Kathy Tabb and a small group of volunteers spent a soggy Labor Day weekend putting up 110 teal ribbons throughout downtown Lexington.
Tabb's crew, which decorated parts of Main and Vine streets and the Markey Cancer Center, helped make Lexington the only Kentucky city to take part in the national nonprofit campaign Turn the Towns Teal to raise awareness for ovarian cancer.
For Tabb, spreading the word about the disease is personal. Her mother died of the disease, known as a silent killer, and she herself is a 21-year survivor.
Many women, she said, don't survive. About 22,000 women are diagnosed with ovarian cancer each year, she said, and about 15,000 die.
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It's only the second year that the ribbons have gone up. Last year, the ribbons were hung only at the Markey Cancer Center at the University of Kentucky.
"That was a piece of cake," said Tabb, who asked the city for permission to put up the ribbons downtown. Each ribbon is made by a cancer survivor, and if you look closely enough, you'll see that each includes information about the campaign and where to get more information.
It is a decorative touch with a potentially life-saving message. As with many types of cancer, the key to survival is early detection, and a lot of women don't understand the disease or how it is detected, Tabb said.
September is Ovarian Cancer Awareness Month. Each year, Tabb's dash of teal soon becomes engulfed in a sea of pink in October, which is Breast Cancer Awareness Month.
Tabb and others are trying to spread the word about ovarian cancer and fight a misconception that Susan G. Komen, the largest and most well-known breast cancer advocacy group, is involved in ovarian cancer outreach.
"Not all cancers are pink," Tabb said.
The advocacy for breast cancer is a worthy, life-saving effort, but it has overshadowed attention on ovarian cancer and other cancers, said Vicki Blevins, executive director of the nonprofit Kentucky CancerLink.
That's one reason that last spring, Blevins' organization, previously called Kentucky Pink Connection, expanded its mission from helping to fill in the treatment gaps for breast cancer patients to helping all cancer patients.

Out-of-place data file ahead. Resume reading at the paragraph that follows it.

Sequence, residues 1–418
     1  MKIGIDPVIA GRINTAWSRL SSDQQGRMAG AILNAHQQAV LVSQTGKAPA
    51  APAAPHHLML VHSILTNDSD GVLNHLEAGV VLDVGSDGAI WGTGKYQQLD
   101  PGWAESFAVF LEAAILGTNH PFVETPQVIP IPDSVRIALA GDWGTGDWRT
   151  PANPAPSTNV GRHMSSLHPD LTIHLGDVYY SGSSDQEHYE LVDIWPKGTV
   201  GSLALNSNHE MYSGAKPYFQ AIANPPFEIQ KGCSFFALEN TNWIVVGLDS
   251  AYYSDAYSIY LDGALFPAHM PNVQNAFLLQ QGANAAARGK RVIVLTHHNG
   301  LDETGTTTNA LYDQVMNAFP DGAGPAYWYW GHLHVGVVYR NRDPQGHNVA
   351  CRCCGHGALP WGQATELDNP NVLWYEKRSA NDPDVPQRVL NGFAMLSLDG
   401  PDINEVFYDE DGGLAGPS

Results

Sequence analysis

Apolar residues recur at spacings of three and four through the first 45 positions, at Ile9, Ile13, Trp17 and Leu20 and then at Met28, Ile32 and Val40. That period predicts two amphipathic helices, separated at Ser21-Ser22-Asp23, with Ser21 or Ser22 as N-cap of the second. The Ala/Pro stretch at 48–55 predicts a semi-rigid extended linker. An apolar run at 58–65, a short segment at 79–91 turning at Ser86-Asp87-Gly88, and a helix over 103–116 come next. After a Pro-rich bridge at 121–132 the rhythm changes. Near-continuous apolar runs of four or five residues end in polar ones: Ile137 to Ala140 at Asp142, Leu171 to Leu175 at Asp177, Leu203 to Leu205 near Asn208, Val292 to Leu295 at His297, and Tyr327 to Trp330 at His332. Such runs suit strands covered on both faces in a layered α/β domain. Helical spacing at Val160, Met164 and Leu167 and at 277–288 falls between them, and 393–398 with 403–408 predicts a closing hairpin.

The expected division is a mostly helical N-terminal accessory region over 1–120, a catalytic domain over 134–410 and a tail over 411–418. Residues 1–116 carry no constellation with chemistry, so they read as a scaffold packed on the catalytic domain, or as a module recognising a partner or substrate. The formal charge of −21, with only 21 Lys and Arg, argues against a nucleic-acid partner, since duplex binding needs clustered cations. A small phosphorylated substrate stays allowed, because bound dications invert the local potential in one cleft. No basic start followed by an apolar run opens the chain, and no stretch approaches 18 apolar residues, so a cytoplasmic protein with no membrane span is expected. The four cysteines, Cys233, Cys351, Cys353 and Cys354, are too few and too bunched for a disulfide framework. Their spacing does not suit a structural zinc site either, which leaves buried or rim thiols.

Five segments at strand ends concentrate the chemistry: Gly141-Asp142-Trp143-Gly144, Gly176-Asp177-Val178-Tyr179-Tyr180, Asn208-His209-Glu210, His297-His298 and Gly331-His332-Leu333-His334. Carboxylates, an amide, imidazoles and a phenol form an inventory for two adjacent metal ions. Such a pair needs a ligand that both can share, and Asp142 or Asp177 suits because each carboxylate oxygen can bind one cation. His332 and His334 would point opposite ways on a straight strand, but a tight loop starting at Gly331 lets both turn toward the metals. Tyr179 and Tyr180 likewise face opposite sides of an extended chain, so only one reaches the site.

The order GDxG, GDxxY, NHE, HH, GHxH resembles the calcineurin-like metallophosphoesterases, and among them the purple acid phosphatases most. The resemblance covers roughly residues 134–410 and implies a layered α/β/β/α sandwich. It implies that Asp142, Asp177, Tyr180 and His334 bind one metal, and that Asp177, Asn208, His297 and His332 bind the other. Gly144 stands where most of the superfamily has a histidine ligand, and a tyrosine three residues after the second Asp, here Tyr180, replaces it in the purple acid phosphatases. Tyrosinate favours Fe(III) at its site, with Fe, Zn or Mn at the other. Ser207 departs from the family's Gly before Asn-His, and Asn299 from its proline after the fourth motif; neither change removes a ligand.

Blevins has known Tabb for years, and she said she isn't surprised by Tabb's determination.
"She's always been fantastic. You give her something, and she goes 110 percent," Blevins said.
In addition to the ribbons, Tabb is spreading two core messages about ovarian cancer. First, a Pap smear test is not a tool for detecting ovarian cancer. It will help identify cervical cancer, she said. Tabb says she can't count how many times a woman has told her that she assumed she was free of ovarian cancer because she had a clean Pap test.
Women should be aware of the symptoms of ovarian cancer and aggressively follow up with a physician, Tabb said. The University of Kentucky has a free screening program for all women older than 50 and for women older than 25 with family histories of ovarian cancer. According to UK, 43,000 women have been screened, and 85 malignancies were found and treated.
"The reason we are specifically trying to make a big deal about it is that there are symptoms, but they are so vague they say it whispers to your body. You really have to listen to your body," Tabb said.
BEAT is the acronym used to describe the most common symptoms, she said. It stands for bloating, eating difficulties, abdominal or pelvic pain, and trouble with urination.
A Lexington ovarian cancer support group meets once a month. Tabb and other survivors regularly meet with UK medical students, physician assistant students and pharmacy students to help them better understand the symptoms of ovarian cancer.
Most women, Tabb said, go to three doctors before being diagnosed. That can take six to 18 months, and that lag time can diminish the effectiveness of treatment.
Tabb said she'll keep talking to anyone who will listen, be it in the grocery aisle, in a college classroom or on the street, under a teal ribbon.
The teal ribbons, by the way, will be back next year.